A Pioneer Farmer’s Stories Ring True After Century

By Annie Young

For me, there is no better way to recognize and celebrate Women’s History month than to pay homage to the iconic woman farmer, pioneer, and writer Laura Ingalls Wilder. As I write, the snow is falling again. I am stuck in the house, at the end of an unplowed road, again. Yet, I surely appreciate the hum of our heat pump, the steam from my hot shower, and the clothes dried to perfection in my electric dryer.

The pioneer life is often romanticized, as is farming. But the day-to-day reality of life without the modern conveniences we take for granted is stark. Farming also requires dedication, as well as sacrificing other conveniences for the sake of a life connected to the land. So instead of moaning about a March snowstorm, I snuggle in and reread my favorite books from childhood. Laura Ingalls Wilder is an inspiration for an aspiring farmer and writer.

I listen to my Farmer and our little one play outside in the snow and think about the simplicity of life for pioneers. Without the distraction of screens, families spent their time together playing and working. Mostly working! Even in the early books, Wilder describes the many chores she performed at an early age. Farming did not come easy for her father, Charles Ingalls—does it come easy for anyone? When Wilder married, she began farming with her husband Almanzo Wilder. The first several years of their marriage, as described in the First Four Years, they toiled together farming the rough plains in South Dakota. Drought, fire, illness, death, and debt were their harvest.

Eventually, they made their way to Mansfield, Missouri, where life and farming began to turn around for the young Wilder family. The Wilders were able to obtain a small farm and cabin. But to keep the farm, they had to find jobs off the farm—as do many modern farmers. By creating a diversified farming operation with dairy, poultry, and fruit trees, the Wilders ran a successful farm. They made a good life for themselves and their daughter, Rose.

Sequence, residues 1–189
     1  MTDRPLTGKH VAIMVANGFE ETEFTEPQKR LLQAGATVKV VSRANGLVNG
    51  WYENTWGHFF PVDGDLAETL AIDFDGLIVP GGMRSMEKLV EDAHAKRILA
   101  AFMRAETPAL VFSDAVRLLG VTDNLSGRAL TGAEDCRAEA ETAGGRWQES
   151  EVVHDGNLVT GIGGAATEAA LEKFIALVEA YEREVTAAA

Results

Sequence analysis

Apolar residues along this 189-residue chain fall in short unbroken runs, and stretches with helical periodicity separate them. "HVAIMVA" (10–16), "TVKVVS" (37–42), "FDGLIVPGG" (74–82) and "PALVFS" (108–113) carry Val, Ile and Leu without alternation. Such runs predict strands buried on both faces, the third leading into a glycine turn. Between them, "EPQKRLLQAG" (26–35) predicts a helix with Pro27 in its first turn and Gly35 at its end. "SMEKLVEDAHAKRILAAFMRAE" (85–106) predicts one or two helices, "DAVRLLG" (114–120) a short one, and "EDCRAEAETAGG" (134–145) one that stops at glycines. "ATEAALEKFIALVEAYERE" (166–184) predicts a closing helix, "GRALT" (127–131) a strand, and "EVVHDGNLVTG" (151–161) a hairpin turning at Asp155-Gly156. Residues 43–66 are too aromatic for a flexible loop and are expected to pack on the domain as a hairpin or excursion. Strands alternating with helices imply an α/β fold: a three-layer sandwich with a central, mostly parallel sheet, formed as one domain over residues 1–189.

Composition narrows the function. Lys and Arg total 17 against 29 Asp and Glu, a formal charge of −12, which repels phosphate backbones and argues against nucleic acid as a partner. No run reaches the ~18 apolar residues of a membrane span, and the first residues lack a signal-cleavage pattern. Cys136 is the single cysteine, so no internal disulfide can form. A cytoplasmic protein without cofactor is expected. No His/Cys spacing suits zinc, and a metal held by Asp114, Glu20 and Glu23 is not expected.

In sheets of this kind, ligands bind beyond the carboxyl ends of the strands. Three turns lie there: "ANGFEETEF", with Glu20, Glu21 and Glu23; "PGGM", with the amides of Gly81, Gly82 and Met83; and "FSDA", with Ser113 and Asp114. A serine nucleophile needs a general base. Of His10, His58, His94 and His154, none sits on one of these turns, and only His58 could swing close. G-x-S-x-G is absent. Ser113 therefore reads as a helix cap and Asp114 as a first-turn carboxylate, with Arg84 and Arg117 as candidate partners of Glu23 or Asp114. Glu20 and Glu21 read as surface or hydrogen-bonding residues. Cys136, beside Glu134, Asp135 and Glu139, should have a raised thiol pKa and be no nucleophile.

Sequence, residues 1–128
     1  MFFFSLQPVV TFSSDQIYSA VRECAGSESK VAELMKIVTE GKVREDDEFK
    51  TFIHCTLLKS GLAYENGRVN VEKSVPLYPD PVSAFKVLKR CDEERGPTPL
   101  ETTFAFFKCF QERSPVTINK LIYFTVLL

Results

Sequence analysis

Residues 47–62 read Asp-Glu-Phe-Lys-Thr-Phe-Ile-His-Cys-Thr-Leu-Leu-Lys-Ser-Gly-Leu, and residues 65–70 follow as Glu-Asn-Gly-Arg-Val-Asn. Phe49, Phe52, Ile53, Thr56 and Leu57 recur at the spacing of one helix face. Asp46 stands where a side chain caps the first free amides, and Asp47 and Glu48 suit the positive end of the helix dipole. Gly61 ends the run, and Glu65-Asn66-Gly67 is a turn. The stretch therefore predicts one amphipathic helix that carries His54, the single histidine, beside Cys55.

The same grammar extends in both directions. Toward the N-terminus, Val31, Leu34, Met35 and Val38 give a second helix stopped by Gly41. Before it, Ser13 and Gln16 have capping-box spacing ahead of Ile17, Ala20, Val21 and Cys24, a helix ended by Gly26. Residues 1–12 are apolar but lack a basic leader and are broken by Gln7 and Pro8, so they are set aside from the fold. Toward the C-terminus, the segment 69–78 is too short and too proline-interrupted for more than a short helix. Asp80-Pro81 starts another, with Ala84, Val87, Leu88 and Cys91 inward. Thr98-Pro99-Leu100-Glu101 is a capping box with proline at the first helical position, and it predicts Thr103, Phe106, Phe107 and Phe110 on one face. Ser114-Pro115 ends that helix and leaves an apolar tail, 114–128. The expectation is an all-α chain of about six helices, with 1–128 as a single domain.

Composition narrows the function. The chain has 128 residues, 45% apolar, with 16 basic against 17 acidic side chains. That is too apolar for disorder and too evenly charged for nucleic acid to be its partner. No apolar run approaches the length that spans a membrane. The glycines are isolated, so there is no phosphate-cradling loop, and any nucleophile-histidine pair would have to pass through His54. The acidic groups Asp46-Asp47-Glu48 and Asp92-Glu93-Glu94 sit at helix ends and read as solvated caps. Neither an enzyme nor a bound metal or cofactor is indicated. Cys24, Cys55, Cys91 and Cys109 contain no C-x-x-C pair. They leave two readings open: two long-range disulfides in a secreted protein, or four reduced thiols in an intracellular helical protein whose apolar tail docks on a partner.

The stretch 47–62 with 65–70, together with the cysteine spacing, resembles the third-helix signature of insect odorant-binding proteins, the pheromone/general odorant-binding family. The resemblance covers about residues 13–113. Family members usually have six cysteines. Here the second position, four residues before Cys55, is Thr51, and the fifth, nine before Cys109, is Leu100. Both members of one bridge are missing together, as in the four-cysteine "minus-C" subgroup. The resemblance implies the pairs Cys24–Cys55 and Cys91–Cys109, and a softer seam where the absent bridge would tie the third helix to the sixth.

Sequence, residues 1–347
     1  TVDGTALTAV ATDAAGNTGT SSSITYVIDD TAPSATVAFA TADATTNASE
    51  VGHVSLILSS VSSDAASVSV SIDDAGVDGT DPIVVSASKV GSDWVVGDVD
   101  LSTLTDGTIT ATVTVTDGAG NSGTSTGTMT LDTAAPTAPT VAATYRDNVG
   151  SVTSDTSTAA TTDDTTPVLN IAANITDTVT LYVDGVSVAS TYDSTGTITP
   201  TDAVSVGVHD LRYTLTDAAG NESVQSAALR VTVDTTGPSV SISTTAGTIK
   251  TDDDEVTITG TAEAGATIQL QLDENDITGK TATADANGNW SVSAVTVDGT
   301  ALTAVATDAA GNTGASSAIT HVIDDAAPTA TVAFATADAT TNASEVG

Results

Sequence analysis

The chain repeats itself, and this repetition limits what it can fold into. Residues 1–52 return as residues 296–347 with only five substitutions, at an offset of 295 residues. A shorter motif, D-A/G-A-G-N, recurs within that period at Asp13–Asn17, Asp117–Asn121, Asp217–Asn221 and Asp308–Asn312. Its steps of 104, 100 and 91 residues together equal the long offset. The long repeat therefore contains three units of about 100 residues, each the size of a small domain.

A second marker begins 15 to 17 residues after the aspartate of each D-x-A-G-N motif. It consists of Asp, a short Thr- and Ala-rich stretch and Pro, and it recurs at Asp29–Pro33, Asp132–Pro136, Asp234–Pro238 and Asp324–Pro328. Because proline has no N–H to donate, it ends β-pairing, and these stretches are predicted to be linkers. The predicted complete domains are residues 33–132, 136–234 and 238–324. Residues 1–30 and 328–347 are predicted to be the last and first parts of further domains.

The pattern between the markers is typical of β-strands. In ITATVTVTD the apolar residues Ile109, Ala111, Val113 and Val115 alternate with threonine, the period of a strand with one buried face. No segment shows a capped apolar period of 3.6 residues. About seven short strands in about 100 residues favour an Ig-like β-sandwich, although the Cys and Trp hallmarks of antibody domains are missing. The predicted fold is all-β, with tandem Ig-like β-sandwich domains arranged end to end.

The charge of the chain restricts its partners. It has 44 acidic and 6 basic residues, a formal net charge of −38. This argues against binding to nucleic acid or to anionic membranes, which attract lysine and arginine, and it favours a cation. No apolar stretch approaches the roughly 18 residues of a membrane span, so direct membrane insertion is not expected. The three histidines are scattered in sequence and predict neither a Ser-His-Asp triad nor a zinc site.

Laura, a master farmer in her own right, was asked by local organizations to give lectures on poultry. She became a member of the Missouri Home Development Association and even organized farm women’s clubs in her region. Wilder wanted to help other farmers upgrade their practices and benefit from what she had learned through her experiences. In 1910 she was asked to give a speech to the Missouri Land Congress. These speeches paved a way for her next career move.

When Laura was forty-four years old, the Missouri Ruralist invited her to submit an article about farming. Thus began her writing career. She began a column called “As a Farm Woman Thinks,” through which she shared her experiences along with innovations and modernizations she brought to their small- scale farm.

Wilder wrote in a Ruralist article in 1911:

“There is a movement in the United States today, widespread and very far reaching in its consequences. People are seeking after a freer, healthier, and happier life. They are tired of the noise, dirt, bad air, and crowds of the cities, and are turning longing eyes toward the green slopes, wooded hills, pure running water and health giving breezes of the country . . . I am an advocate of the small farm and I want to tell you how an ideal home can be made on, and a good living made from, five acres of land.”

Her words ring true to us over a century later. As many historic women that we celebrate this month, we feel the reverberation of her efforts decades later. The number of small-scale farms, as the ones she goes on to describe, have grown sixty percent since 2002. The Department of Agriculture census shows that the number of women farmers have tripled in the last 30 years too.

Wilder’s popularity continues for generations of fans. Just this year her previously unpublished autobiography was printed. Pioneer Girl, The Annotated Autobiography has flown off the shelves and had fans waiting for another edition to be published. It is an adult read, offering glimpses into the sadness and reality of her life that was often brushed over in the children’s books. I also suggest reading The Little House Sampler that provides stories and articles written by Wilder and her daughter Rose Wilder Lane. The photographs and images give insight into what happened after the Little House series ends. There is much to enjoy and celebrate in Laura Ingalls Wilder’s timeless work. I hope you have time without a spring snowstorm to enjoy it.